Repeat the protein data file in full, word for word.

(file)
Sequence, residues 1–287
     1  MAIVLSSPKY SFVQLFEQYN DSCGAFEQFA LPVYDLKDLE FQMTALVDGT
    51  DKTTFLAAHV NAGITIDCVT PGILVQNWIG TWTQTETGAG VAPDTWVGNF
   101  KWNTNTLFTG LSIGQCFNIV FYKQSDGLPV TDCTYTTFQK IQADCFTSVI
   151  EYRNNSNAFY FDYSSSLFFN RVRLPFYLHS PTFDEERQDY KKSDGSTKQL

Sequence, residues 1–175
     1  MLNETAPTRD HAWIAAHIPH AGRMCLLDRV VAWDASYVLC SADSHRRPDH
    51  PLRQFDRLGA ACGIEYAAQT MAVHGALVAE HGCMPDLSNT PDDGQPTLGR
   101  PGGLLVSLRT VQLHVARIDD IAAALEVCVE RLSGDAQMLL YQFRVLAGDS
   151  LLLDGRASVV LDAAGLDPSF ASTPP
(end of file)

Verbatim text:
Sequence, residues 1–287
     1  MAIVLSSPKY SFVQLFEQYN DSCGAFEQFA LPVYDLKDLE FQMTALVDGT
    51  DKTTFLAAHV NAGITIDCVT PGILVQNWIG TWTQTETGAG VAPDTWVGNF
   101  KWNTNTLFTG LSIGQCFNIV FYKQSDGLPV TDCTYTTFQK IQADCFTSVI
   151  EYRNNSNAFY FDYSSSLFFN RVRLPFYLHS PTFDEERQDY KKSDGSTKQL

Sequence, residues 1–175
     1  MLNETAPTRD HAWIAAHIPH AGRMCLLDRV VAWDASYVLC SADSHRRPDH
    51  PLRQFDRLGA ACGIEYAAQT MAVHGALVAE HGCMPDLSNT PDDGQPTLGR
   101  PGGLLVSLRT VQLHVARIDD IAAALEVCVE RLSGDAQMLL YQFRVLAGDS
   151  LLLDGRASVV LDAAGLDPSF ASTPP